発表タイトル：Plurality in Fictional Discourses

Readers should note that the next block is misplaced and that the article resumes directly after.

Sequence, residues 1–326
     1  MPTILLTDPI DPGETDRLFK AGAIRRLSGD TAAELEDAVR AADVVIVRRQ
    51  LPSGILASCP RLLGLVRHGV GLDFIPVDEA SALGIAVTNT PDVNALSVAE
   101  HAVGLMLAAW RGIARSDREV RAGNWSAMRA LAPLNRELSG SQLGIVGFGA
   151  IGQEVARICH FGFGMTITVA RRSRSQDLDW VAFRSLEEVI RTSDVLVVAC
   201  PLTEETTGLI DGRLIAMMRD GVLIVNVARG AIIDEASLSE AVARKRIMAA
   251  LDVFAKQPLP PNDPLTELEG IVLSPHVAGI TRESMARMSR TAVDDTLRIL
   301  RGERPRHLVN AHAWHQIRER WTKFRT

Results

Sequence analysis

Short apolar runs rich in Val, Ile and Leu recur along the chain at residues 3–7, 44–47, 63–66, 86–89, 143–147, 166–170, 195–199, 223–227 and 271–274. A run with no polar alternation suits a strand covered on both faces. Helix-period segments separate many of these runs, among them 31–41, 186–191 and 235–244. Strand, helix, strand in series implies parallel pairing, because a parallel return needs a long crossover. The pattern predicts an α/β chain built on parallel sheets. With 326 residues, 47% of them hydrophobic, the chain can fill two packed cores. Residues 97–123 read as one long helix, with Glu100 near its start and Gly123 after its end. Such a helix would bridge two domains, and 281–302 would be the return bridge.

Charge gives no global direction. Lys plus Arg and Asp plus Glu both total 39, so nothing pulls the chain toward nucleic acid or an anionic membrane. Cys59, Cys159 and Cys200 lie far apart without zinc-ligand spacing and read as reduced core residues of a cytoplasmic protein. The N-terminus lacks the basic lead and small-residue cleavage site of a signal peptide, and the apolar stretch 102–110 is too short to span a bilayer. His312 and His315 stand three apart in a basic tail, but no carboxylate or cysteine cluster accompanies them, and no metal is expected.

A fiction may describe a plurality without specifying the `dossier’ of each of its individual (atomic) constituents enough to distinguish them from each other. In particular, it may be the case that a fiction gives the exactly same characterization to each of the constituents of a plurality, as is described in Everett (2013). For example, `we are told in Tess of the d’Urbervilles that 16 policemen came to arrest Tess but we are not given any more specific descriptions of any of these policemen’ (Everett, 2013, p. 191). Let us call a plural fictional character without specification of each of its constituents a plurality with indiscernible constituents. In this paper, I develop a theory of pluralities with indiscernible constituents, based on nuclear Meinongianism (cf. Parsons, 1980) and non-idempotent mereology (cf. Cotnoir, 2015). Nuclear Meinongianism of fictional characters claims that a fictional character in a fictional story S is a nonexistent object x which has all nuclear properties x is characterized as having by S. According to non-idempotent mereology, a mereological sum can have one and the same object as its two or more different parts. Combining these two theories, I propose that `16 policemen’ in Tess of d’Urbervilles refers to a mereological sum which has one and the same nonexistent policeman as its 16 different parts.